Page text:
NFL gives Steelers slap on the wrist for illegal hits vs. Browns
By Thomas Moore
The Cleveland Browns took some cheap shots from the Pittsburgh Steelers and now the league has laid out its own punishment, even if the penalties are pretty light.
The NFL handed down a light form of punishment on Friday against a handful of Pittsburgh Steelers for their illegal actions against the Cleveland Browns during their Week 1 games.
While no one was hit with a suspension for dirty play – not surprising since it is the Steelers but still a bit questionable – the league did impose fines on three Pittsburgh defenders, according to USA Today:
- Linebacker Ryan Shazier was fined $25,000 for a late hit on Cleveland cornerback DeShone Kizer
- Cornerback William Gay was fined $25,000 for a late hit on Cleveland wide receiver Ricardo Louis
- Safety J.J. Wilcox was fined $25,000 for a late hit on Cleveland wide receiver Corey Coleman
According to ESPN, Shazier is planning to appeal his fine because, get this, he wasn’t aware the Kizer was going to slide at the end of his scramble, despite the fact that every quarterback slides at the end of a run to avoid cheap shots:
"“I didn’t see him slide much on film. I wasn’t expecting him to slide. I was just going in there to make a tackle like I do any tackle. It’s just part of the game. Sometimes they get you for those things.”"
Yeah, sometimes the league just has to fine you for delivering a cheap shot.
The Steelers had four unnecessary roughness penalties on the day, only T.J. Watt escaped a fine, part of an effort that saw Pittsburgh amass 144 penalties yards in the game.
It also continues a trend that the league really needs to take a closer look at as the Steelers have been among the league leaders in unnecessary roughness penalties for several years now, according to The Pittsburgh Post-Gazette:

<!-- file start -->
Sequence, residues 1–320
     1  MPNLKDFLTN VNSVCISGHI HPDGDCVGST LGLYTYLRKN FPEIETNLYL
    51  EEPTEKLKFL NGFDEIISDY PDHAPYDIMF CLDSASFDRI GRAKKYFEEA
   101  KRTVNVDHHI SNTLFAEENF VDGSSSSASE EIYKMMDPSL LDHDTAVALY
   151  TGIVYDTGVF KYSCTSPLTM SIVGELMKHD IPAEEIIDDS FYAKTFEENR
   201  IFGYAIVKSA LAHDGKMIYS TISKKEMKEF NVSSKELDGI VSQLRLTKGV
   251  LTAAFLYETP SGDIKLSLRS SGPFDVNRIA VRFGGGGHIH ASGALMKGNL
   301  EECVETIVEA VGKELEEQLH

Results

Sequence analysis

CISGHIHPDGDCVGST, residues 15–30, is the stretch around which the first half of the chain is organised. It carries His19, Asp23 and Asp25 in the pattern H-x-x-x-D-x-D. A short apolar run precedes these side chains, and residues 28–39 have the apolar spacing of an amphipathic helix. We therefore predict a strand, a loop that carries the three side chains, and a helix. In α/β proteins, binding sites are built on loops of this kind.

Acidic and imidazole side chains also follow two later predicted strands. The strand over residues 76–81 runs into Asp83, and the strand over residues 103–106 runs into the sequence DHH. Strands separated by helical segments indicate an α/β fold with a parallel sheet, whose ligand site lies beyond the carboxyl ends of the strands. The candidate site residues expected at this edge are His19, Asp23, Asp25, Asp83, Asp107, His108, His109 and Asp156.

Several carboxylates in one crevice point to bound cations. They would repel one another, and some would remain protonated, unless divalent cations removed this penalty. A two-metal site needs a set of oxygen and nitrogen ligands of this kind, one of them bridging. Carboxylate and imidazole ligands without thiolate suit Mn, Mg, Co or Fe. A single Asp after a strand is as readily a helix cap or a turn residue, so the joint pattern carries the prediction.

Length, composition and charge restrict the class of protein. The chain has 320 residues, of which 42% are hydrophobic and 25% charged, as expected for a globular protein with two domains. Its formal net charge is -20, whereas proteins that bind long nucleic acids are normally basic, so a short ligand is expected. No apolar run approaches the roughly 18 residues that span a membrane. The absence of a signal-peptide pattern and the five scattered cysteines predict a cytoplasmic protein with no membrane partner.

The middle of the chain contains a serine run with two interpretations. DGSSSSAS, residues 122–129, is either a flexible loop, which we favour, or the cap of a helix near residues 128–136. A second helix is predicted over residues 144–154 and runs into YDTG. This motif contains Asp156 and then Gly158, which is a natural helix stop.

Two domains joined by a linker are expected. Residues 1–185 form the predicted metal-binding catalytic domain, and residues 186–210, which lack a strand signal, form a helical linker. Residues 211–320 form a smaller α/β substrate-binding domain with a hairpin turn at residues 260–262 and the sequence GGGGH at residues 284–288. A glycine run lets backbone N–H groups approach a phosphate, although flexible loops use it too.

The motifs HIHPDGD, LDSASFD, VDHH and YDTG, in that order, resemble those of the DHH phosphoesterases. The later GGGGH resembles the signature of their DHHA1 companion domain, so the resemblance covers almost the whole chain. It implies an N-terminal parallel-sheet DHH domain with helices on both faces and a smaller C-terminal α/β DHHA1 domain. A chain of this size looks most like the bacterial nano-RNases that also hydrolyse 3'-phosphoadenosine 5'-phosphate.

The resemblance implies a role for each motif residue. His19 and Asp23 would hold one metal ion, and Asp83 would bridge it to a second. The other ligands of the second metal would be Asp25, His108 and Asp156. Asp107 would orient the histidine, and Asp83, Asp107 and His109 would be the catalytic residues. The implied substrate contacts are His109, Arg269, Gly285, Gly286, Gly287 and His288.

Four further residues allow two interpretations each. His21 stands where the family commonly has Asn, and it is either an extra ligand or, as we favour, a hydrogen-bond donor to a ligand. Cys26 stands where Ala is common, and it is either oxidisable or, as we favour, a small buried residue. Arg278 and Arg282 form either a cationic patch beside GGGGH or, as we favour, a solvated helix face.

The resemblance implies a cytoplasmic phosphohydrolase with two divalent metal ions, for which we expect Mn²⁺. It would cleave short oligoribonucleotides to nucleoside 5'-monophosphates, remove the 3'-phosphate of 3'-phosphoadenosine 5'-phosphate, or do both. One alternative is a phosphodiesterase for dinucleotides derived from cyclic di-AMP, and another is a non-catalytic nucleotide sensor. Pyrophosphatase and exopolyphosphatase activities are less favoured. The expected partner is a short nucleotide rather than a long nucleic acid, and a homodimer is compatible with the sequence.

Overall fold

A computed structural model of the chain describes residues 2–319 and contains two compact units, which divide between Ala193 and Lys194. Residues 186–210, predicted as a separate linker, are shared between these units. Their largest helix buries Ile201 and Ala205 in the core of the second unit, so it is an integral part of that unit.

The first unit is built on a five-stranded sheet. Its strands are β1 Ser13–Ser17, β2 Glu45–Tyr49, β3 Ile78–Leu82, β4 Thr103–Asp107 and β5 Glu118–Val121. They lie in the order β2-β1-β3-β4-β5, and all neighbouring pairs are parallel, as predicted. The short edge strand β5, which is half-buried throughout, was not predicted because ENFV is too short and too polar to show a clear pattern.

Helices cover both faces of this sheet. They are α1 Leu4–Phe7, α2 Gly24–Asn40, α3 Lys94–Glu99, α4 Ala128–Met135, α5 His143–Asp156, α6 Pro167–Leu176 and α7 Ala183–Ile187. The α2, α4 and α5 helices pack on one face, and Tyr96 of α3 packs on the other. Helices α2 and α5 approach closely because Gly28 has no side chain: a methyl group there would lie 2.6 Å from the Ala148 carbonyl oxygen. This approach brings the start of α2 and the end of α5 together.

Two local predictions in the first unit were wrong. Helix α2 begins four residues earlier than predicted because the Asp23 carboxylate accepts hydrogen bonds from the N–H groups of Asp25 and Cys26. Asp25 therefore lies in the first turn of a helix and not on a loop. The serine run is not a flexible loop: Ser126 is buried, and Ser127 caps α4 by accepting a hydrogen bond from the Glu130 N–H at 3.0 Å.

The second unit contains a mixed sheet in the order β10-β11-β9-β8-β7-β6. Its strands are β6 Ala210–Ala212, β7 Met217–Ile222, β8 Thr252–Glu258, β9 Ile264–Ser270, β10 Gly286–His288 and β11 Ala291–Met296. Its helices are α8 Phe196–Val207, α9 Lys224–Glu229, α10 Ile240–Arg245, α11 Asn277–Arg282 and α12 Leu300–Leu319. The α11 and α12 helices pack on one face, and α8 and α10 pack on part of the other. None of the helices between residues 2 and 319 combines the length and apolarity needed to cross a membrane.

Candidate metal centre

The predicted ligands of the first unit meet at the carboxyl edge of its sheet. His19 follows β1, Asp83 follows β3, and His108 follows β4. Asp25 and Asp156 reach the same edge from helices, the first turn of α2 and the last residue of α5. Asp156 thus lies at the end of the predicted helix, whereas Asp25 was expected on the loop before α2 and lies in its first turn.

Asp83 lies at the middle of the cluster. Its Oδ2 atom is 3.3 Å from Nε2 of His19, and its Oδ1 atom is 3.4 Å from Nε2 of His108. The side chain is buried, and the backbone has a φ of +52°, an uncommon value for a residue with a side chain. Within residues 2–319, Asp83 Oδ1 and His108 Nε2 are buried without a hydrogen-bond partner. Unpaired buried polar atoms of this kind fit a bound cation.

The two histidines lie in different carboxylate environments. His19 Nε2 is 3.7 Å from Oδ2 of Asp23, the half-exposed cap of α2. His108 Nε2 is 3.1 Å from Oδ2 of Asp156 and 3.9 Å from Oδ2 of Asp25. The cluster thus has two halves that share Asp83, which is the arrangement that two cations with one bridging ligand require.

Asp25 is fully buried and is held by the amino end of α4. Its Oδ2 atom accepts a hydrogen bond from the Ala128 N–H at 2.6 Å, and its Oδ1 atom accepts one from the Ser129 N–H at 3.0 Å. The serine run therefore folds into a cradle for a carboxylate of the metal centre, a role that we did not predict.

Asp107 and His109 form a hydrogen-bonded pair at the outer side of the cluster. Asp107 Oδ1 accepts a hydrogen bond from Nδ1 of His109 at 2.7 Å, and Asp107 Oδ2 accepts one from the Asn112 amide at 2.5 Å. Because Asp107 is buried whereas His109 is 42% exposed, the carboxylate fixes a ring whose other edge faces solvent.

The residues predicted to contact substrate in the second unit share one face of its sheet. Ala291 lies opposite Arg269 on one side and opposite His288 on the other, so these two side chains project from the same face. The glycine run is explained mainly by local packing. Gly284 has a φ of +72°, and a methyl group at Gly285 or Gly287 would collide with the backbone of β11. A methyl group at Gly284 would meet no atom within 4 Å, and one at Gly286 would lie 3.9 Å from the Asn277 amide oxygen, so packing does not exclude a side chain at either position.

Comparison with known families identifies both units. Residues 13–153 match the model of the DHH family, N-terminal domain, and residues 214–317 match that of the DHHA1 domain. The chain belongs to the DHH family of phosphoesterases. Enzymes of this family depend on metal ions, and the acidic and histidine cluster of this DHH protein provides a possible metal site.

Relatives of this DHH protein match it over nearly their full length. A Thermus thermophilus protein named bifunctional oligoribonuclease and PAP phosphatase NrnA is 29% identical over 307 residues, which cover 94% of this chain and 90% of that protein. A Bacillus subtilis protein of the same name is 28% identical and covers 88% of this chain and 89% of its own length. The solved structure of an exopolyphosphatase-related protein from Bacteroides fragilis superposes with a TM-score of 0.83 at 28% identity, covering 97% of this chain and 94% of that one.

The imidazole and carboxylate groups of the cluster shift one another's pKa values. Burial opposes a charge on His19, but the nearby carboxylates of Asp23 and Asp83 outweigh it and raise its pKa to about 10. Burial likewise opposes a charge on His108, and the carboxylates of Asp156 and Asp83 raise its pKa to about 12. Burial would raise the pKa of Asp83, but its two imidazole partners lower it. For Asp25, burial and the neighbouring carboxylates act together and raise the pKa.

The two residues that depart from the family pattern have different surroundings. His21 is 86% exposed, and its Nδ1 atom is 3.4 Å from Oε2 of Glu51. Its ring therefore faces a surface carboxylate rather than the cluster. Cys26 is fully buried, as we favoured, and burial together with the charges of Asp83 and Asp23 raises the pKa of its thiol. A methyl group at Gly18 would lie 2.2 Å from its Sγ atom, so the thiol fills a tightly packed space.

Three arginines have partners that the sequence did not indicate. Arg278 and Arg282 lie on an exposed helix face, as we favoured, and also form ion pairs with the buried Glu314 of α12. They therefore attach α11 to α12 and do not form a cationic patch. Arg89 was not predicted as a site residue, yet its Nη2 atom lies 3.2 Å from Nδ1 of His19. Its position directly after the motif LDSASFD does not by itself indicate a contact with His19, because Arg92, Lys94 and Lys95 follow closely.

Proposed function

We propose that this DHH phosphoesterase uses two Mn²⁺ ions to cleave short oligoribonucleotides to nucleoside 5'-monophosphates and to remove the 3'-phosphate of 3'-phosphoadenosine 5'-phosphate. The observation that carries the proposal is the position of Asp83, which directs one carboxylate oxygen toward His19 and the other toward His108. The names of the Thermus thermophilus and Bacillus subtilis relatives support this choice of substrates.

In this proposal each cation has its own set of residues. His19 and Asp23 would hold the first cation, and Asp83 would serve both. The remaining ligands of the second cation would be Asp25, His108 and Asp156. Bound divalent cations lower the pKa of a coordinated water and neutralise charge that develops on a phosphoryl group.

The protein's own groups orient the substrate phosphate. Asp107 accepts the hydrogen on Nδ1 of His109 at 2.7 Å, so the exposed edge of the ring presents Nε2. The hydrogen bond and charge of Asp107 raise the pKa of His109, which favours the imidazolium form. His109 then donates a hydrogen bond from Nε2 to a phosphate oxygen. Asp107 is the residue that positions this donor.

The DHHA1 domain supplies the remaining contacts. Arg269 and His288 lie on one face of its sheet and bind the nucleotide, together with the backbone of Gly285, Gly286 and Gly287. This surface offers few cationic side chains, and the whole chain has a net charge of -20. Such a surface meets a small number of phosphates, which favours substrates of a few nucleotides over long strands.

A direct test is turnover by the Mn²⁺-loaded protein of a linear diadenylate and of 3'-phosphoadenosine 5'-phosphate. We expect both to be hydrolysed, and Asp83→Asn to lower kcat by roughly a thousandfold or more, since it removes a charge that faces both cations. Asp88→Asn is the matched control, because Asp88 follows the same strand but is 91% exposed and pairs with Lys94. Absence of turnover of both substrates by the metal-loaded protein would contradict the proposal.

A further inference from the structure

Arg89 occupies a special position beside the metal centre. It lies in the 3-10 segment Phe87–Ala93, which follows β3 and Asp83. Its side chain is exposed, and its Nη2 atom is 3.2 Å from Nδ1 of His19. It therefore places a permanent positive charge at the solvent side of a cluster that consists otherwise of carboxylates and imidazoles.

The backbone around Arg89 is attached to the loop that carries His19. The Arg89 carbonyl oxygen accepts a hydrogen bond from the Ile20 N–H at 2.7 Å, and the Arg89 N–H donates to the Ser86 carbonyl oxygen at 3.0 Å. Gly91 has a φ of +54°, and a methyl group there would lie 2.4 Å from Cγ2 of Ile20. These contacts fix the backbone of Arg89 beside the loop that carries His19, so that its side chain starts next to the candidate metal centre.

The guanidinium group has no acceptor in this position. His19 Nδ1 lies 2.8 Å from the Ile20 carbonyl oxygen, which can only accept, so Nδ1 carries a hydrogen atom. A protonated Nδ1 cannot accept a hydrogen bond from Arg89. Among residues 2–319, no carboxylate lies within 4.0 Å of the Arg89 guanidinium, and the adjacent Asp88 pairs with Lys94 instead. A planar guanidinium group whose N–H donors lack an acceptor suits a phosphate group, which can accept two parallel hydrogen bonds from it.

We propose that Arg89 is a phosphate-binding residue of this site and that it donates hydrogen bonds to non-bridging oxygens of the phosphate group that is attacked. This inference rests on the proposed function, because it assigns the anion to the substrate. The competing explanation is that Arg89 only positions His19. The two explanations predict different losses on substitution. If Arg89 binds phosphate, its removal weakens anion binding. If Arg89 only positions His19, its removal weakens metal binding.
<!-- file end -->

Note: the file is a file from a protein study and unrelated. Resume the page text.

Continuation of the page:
"Last season, they were tied with Baltimore for 11 unnecessary roughness penalties. In 2015, they tied for fourth with 11, and in 2014 they tied for seventh with eight. They have not been out of the top 10 since 2012 when they had only two all season — half as many as they had in this year’s opener."
All in all it is not surprising that the NFL didn’t hand down a harsher penalty, especially on Shazier. The Browns are the Browns, after all, and Kizer is just a rookie quarterback. Put that same hit on New England’s Tom Brady or Green Bay’s Aaron Rodgers and there is little doubt the NFL would view it differently.
And let’s not even get into what would happen if Kizer grabbed a hold of Houston defensive end J.J. Watt’s leg and gave it a twist the way Pittsburgh quarterback Ben Roethlisberger did to Cleveland defensive end Emmanuel Ogbah on Sunday.
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But since it was the Browns, it was just another day at the office for the Steelers as far as the NFL was concerned.